That's great. I'm glad to hear it. I really hope that someone with vision and enough money to do it will create the repository and distribution strategy that draws the audience. Let's get people excited about easily-shared content. Let's make certain that the sharing is legal. Let's find ways to pay the creators of the works. Where we can, let's eliminate the overhead that middlemen impose, driving costs down for consumers and making more great content more easily available.

Sunday, December 11, 2005

Links for 11 Dec 2005

  • You can never have too many recipes for homemade ballistics gel.
  • The hardest math class I took in college was Differential Equations and Boundary Value Problems. We spent a surprising amount of our time talking about the ways that Slinky toys move. You can skip the theoretical work, and just go mess with a spring network with damping.
  • With a name like United Nuclear, you know it's a cool company. With a product like Neodymium magnets, you may be done with your holiday shopping early.
  • Wonderful photographs from the European Space Agency's Hubble team.
  • Nature, red in tooth and claw.
  • Speed up your Windows installation.

A great day in Monterey.

I spent yesterday morning aboard the Escapade in Monterey for a two-tank dive trip. It was the kind of day that reminds you why we live in California: Brilliant blue skies over smooth seas, with excellent conditions in the water. Visibility at the surface was about thirty feet, and at depth not much less than that.

These two pictures show our mooring at Outer Pinnacles, our first dive site, and the view of open water from the other side of the boat.

I don't have any good shots of our second dive site, at Pescadero Point, but I do have a photo of a happy diver on the trip back home.

Making the GPL.

I originally wrote this blog entry in early November, but in the press of events, I didn't get it posted. With the recent publication of the official process document by the Free Software Foundation, I remembered that I had this lingering in my drafts folder. Because this includes views from other groups, I thought it would still be useful to put it up.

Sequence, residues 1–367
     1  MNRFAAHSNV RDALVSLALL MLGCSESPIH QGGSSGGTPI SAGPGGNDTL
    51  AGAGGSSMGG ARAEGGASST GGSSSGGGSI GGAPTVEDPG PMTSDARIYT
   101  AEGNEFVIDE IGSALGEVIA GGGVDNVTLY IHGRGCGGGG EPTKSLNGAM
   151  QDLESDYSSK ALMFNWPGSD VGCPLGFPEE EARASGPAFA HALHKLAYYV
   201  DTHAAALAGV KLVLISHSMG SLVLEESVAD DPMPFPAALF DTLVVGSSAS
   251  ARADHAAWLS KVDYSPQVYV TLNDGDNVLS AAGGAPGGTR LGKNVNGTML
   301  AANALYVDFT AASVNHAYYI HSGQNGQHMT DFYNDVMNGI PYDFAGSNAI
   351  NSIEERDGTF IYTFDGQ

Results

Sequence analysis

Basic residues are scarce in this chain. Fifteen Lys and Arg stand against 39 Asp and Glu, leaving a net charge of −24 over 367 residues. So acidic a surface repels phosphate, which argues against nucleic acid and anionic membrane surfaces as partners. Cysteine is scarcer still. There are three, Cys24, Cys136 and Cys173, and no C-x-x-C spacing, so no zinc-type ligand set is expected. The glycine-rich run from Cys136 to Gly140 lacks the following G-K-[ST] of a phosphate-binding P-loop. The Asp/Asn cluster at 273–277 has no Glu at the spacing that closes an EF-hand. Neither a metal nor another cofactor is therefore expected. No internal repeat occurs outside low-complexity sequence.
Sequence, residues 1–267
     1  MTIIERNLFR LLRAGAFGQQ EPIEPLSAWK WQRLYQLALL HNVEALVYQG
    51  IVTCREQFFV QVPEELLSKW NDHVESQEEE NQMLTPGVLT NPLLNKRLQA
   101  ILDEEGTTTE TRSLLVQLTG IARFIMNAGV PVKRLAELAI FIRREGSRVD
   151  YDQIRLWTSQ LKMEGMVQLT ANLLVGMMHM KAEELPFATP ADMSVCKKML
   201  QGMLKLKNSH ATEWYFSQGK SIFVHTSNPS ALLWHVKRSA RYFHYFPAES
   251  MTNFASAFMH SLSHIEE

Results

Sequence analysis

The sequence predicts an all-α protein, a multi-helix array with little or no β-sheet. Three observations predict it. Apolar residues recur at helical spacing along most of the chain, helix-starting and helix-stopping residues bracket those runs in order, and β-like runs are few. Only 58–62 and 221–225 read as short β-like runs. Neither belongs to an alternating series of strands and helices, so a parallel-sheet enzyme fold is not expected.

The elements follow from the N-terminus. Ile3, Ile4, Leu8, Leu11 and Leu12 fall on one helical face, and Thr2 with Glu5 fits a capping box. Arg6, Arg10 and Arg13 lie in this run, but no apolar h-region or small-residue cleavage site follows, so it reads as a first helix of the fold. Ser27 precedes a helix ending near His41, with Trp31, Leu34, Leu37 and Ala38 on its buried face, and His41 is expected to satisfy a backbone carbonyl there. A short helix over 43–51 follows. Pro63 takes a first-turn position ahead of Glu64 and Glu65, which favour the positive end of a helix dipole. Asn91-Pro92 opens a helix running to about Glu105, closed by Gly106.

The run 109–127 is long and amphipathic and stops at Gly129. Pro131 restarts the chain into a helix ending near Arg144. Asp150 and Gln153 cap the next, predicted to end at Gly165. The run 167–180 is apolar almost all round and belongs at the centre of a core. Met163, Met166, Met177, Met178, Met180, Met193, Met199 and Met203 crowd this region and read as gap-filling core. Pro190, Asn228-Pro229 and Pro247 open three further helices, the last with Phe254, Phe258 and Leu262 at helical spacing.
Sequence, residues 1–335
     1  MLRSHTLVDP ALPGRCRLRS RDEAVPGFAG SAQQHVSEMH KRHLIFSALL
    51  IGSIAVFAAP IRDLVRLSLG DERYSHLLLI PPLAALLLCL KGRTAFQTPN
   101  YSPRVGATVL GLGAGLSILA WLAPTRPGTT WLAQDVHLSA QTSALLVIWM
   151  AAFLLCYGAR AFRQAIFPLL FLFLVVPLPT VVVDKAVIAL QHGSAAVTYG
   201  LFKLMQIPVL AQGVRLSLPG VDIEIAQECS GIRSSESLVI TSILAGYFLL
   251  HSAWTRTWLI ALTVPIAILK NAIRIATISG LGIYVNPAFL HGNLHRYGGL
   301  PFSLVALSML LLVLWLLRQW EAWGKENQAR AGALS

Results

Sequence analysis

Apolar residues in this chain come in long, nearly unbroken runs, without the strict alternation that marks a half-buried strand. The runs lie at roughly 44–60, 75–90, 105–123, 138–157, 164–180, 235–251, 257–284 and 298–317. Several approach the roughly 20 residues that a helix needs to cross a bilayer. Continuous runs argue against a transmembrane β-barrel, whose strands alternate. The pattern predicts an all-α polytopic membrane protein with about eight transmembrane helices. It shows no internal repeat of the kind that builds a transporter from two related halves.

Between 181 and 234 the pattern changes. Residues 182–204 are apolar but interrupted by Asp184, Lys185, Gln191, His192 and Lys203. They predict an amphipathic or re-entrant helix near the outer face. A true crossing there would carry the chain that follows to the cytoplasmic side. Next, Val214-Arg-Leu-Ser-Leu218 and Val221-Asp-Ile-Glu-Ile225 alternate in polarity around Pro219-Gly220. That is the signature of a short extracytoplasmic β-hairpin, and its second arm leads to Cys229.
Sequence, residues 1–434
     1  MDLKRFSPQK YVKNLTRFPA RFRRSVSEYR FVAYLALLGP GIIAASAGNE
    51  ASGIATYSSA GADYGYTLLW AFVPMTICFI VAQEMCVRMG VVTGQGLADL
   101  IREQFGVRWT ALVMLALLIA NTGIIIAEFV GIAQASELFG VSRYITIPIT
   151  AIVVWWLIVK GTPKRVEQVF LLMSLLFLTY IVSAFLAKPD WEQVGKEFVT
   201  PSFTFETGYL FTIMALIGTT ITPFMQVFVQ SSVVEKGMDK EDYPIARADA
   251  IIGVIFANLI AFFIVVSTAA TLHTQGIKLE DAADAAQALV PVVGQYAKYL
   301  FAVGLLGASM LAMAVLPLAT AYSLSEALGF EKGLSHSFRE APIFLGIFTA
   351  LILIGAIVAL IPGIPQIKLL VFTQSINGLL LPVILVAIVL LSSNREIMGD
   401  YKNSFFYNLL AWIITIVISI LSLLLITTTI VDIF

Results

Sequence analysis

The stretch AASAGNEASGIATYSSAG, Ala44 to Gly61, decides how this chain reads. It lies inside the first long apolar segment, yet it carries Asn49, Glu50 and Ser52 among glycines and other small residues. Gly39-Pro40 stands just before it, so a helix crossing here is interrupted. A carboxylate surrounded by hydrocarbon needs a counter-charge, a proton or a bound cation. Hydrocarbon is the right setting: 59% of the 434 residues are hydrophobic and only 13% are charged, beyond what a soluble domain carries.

I was at the GPL 3.0 panel discussion at OSBC this week. The panelists were Mike Milinkovich, executive director of Eclipse, Diane Peters, general counsel for OSDL and Eben Moglen, general counsel for the FSF. It was a collegial group; Peters is on the board of Moglen's Software Freedom Law Center, for example.

In fact, though, this was Eben's panel, and it was his message most of us had come to hear. The panel was convened to explain the process that will be used to produce the next version of the GNU General Public License. I've seen Peter Galli's coverage of the session. It was good, but I want to do something different here. I want to recap the process that Eben described in as much detail as I can, from the notes I took during the session.

What follows is, as nearly as I can make it, a recitation of Eben's (and Diane's and Mike's) points from the panel, with no editorial comments from me. This is a pretty detailed blog post from me, and intended for a specialist audience; if you don't know what the GPL is or if you don't like to read about committee deliberations, you ought to stop reading now.

The current version of the GPL, GPLv2, was produced 14 years ago by a reasonably small group of people led by Richard Stallman. The license has seen very wide adoption since, and GPL'ed software is used extensively around the world. The next version of the GPL will be GPLv3.

To begin, Eben listed four rights that the GPL is designed to protect:

  • The right to run software without obstruction, and to understand how that software works.
  • The right to copy software as much as you like.
  • The right to modify the software, including the right to make private modifications that you do not share with others.
  • The right to share the software, but to share with all of these rights passed along to others.

These right all accrue to users of the software. The GPL is a document designed to protect users' rights. Eben emphasized that those protections are intended to extend to all users of GPL'ed software, and that explicitly includes commercial users.

In producing a new version of the GPL, which is designed to protect the rights of users, it makes sense to ask users what they want. The revision process will solicit comment by the GPL user base as broadly as possible, including comments from individual software developers, groups using other licenses, commercial concerns, legal experts and others. The process will consult groups around the world.